Building on its 40-year history in transforming education, Apple today announced a new 9.7-inch iPad with support for Apple Pencil1 and programs designed to spark student creativity and inspire them to succeed. Everyone Can Create is a new, free curriculum that makes it fun and easy for teachers to integrate drawing, music, filmmaking or photography into their existing lesson plans for any subject.
In its first major product event of the year, Apple will return to its roots in the education market. The event on Tuesday at Lane Technical College Prep High School in Chicago will mark the first time Apple has held a product launch geared toward education since 2012 when it unveiled a tool for designing e-books for the iPad. It’s also a rare occasion for an Apple confab outside its home state of California.
The move by Apple to host Chinese users' iCloud accounts in a new data center in China -- one that is compelled by new laws -- is part of a bigger, ongoing technology trade war between the world's two biggest economies, said the head of investment research at a data analysis company.
Human rights activists say they fear the authorities could use that power to track down dissidents, citing cases from more than a decade ago in which Yahoo Inc handed over user data that led to arrests and prison sentences for two democracy advocates. Jing Zhao, a human rights activist and Apple shareholder, said he could envisage worse human rights issues arising from Apple handing over iCloud data than occurred in the Yahoo case.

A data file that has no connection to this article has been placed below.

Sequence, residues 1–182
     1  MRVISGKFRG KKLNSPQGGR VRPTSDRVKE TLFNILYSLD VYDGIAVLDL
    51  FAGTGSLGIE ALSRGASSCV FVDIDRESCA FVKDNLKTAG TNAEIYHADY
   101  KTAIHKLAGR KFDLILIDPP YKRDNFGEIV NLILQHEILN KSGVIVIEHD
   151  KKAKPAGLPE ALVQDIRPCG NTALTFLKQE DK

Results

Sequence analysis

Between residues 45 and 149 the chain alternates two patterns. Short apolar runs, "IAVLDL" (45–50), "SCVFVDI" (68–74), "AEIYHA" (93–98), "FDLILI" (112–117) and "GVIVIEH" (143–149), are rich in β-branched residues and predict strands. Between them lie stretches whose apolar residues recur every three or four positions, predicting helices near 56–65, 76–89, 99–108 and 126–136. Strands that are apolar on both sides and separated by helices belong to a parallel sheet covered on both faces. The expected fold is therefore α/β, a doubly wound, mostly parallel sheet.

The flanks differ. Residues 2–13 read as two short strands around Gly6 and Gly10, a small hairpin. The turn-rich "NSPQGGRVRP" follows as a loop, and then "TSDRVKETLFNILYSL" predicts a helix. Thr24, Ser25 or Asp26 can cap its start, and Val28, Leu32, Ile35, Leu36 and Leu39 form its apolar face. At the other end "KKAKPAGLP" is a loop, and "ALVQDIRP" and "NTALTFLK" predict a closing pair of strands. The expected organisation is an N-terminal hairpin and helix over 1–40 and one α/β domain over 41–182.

In "Rewiring Education: How Can Technology Unlock Every Student's Potential," John D. Couch, Apple’s first vice president of education, provides an inside look at the company’s vision for the role technology has played in education, and the opportunities and obstacles that lie ahead.
Construction on a Chinese data center for Apple Inc, the U.S. tech giant, is scheduled to begin later this year and the center is expected to open in 2020, sources close to the project has said. The timetable was provided by the communications administration of southwest China's Guizhou Province, where the center will be built.
Apple (AAPL) said it will build a second corporate campus and hire 20,000 workers in a $350 billion, five-year commitment to the U.S. economy. Apple, the world's biggest company by market capitalization, said Wednesday it will contribute $75 billion of that amount through investments in American manufacturing, planned capital expenditures and what it called a "record" tax payment after it repatriates overseas profits.
AAPL may now be joining its most famous and influential shareholder in again becoming more US-centric. The catalyst: the tax bill. The US has joined most of the rest of the world with a humble tax policy. When AAPL earns money in the EU, or Brazil, it now pays no tax penalty for its foreign subsidiary to pay a dividend to the parent. This money can now go to shareholders, or it can be invested in the US.
Combining new investments and Apple's current pace of spending with domestic suppliers and manufacturers -- an estimated $55 billion for 2018 -- Apple's direct contribution to the US economy will be more than $350 billion over the next five years, not including Apple's ongoing tax payments, the tax revenues generated from employees' wages and the sale of Apple products.
iPhone maker Apple announced today that it is making immense investments in the U.S. economy including building a new campus at an as-yet unnamed location and hiring 4,000 new workers a year for the next five years, many of whom will be employed at existing data centers.